IBM statistics of the U.S. Open, where Hogan made his evaluation of the putt vs. drive maxim, tend to support his view. Orville Moody, who emerged the Open champion, was tied for 35th in fewest total putts. But in hitting drives onto the fairways he was tied for 15th and was fourth in hitting greens on schedule. In fact, the first five finishers—Moody, Geiberger, Beman, Rosburg and Murphy—were all among the top 15 in number of drives on the fairways. The same five ranked thus in fewest total putts: tie 35th, tie 14th, second, tie 14th, tie 56th.
CAPTAIN MIDNIGHT RETIRES
In the rash of retirements that have popped out across the body of professional sports in recent months, the reasons may vary but the atmosphere attendant with the announcements seems to follow an emotional pattern: tearful, heartfelt, somber.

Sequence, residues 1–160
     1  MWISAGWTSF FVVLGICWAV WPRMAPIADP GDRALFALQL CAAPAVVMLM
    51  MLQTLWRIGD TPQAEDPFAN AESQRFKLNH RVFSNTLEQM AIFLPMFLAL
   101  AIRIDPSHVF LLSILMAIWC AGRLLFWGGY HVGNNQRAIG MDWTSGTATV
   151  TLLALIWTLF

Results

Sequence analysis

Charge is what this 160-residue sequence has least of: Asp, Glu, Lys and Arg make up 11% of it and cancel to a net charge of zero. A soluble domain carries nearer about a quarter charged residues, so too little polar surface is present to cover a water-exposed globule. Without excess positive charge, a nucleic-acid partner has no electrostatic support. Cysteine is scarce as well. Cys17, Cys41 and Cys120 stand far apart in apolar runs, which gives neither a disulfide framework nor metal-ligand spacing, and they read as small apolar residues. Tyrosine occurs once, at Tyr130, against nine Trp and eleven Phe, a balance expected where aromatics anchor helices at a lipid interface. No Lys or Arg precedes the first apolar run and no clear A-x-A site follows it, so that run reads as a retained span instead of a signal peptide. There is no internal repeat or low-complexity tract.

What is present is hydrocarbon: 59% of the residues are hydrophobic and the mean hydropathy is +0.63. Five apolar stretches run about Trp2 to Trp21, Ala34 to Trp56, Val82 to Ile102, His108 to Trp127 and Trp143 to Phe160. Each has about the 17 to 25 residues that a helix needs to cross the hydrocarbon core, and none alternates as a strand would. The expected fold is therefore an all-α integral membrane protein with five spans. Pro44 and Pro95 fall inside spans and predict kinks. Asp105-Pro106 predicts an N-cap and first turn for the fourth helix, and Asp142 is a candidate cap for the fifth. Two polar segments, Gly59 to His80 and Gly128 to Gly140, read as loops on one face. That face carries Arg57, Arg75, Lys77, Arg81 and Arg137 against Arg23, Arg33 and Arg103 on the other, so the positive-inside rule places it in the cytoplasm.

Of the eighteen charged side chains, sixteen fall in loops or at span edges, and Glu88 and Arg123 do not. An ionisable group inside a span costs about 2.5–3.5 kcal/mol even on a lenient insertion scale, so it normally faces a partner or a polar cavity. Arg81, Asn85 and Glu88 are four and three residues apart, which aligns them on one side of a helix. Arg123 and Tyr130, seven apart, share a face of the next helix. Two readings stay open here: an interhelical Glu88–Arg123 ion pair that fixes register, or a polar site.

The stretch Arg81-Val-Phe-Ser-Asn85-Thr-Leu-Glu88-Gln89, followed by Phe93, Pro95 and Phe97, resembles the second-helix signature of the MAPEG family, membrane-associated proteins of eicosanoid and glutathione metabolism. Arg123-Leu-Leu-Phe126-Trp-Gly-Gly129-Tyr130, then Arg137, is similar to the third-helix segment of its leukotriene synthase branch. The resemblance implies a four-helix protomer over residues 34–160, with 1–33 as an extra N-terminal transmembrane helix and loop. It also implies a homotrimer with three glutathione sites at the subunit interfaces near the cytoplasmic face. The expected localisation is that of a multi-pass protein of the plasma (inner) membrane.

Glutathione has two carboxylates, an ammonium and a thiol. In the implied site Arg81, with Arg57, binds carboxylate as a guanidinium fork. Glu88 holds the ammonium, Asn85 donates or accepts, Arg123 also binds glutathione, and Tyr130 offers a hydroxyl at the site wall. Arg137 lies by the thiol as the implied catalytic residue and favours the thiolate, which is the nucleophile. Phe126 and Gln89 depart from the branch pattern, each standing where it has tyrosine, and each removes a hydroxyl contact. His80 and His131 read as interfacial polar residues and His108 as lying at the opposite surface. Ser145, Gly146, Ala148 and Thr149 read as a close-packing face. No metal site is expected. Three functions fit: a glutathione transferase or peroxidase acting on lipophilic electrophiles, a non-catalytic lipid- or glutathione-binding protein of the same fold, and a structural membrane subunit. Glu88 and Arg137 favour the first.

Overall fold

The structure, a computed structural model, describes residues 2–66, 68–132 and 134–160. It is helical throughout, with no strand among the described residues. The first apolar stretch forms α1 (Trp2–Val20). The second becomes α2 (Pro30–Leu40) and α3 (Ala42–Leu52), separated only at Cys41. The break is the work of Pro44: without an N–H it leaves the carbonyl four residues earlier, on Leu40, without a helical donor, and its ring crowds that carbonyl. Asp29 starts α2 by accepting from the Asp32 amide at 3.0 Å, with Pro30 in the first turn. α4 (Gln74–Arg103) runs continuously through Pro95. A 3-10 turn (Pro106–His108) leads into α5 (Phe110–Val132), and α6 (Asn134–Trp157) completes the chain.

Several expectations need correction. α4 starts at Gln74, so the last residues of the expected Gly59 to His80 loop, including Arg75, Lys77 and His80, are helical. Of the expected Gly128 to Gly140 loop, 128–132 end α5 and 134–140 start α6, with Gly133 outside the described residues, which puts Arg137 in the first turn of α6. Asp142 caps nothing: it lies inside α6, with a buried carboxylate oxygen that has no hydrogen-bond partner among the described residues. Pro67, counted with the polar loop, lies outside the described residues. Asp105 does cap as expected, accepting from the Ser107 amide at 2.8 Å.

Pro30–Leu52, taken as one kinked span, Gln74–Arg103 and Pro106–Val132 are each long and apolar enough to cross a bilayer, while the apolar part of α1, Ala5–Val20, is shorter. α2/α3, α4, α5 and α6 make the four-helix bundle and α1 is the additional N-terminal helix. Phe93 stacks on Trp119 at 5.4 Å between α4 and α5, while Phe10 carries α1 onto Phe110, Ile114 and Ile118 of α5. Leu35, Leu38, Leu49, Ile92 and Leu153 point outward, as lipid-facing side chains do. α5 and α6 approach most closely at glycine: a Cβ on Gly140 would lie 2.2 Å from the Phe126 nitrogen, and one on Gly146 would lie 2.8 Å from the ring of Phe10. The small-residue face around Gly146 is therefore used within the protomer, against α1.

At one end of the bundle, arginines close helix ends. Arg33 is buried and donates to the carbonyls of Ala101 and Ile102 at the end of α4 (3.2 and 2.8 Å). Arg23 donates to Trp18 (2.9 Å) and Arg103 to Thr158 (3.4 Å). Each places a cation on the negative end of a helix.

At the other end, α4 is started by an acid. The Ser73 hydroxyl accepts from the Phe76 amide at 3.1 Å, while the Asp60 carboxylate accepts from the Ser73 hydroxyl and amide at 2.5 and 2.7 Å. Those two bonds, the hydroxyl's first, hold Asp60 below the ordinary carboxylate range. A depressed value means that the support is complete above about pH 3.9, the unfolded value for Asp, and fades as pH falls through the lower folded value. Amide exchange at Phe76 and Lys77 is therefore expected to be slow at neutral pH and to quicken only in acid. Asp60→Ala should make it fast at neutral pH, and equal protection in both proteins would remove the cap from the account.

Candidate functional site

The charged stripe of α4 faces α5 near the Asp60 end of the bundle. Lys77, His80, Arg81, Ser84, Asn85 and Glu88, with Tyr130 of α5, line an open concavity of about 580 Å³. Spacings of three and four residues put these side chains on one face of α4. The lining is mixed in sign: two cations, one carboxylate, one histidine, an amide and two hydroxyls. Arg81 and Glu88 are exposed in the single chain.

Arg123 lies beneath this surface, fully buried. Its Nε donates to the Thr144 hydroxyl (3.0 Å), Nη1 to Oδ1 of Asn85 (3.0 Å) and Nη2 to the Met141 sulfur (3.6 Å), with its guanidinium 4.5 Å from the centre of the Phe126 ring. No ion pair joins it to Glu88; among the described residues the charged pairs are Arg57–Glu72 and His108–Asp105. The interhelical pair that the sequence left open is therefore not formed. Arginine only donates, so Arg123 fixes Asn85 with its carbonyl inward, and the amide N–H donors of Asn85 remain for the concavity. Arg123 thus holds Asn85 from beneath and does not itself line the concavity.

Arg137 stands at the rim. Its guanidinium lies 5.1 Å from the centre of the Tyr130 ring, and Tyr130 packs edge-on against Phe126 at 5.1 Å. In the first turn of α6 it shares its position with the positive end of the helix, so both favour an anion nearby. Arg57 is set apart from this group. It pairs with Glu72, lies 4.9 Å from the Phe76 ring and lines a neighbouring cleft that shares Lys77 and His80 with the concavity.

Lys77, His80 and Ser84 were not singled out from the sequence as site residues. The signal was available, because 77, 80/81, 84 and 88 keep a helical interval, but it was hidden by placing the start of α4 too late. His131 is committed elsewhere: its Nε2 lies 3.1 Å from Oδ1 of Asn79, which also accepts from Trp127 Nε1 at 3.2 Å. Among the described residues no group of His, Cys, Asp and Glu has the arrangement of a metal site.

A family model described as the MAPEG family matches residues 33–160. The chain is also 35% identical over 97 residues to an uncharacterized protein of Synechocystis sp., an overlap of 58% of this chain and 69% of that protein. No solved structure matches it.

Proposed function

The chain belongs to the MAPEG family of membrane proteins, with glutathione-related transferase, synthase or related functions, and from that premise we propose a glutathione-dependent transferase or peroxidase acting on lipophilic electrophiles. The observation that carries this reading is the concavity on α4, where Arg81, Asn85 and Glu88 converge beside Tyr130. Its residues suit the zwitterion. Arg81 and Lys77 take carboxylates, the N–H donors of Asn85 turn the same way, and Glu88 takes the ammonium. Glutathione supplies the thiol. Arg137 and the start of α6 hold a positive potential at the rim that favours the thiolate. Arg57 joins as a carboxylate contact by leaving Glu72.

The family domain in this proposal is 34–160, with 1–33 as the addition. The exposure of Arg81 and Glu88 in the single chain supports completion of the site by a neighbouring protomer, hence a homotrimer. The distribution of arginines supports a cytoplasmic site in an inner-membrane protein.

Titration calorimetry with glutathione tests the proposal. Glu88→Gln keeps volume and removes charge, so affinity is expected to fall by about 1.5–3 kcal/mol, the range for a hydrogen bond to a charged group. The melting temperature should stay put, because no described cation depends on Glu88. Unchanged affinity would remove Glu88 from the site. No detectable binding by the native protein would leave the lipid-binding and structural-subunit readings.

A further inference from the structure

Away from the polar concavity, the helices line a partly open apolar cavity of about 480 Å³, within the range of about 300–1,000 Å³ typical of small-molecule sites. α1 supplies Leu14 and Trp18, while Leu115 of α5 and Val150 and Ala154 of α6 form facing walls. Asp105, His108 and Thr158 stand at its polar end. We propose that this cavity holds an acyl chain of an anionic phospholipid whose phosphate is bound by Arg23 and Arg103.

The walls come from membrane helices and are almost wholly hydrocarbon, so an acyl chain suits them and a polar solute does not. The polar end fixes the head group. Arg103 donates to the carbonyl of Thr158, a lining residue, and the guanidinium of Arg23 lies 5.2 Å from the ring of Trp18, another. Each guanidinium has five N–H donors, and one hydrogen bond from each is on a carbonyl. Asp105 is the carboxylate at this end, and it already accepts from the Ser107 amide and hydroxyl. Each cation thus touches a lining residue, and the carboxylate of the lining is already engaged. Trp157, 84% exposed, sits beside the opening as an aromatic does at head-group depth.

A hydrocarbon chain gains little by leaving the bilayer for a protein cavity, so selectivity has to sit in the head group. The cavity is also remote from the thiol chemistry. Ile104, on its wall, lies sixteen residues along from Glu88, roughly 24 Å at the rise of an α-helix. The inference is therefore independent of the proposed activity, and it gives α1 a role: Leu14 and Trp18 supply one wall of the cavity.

Not so with the irrepressible Alex Hawkins, the night-crawling captain of the Baltimore Colts' special kickoff and receiving teams, who sat down in one of his favorite watering spots the other evening and, sucking on a pencil, wrote down 10 reasons for quitting—"one for each year I played."
"1. If Joe Namath doesn't play, neither will I.
"2. The Colts can join the American League, but I won't.
"3. When Tom Matte goes to the Pro Bowl, it's time for everyone to quit.
"4. Pete Rozelle frowns on unsavory characters, and I don't have a friend who's not one.
"5. John Unitas had to bar me from his restaurant." (Actually, that's where Alex had his retirement party.)
"6. I'm allergic to Astro-turf.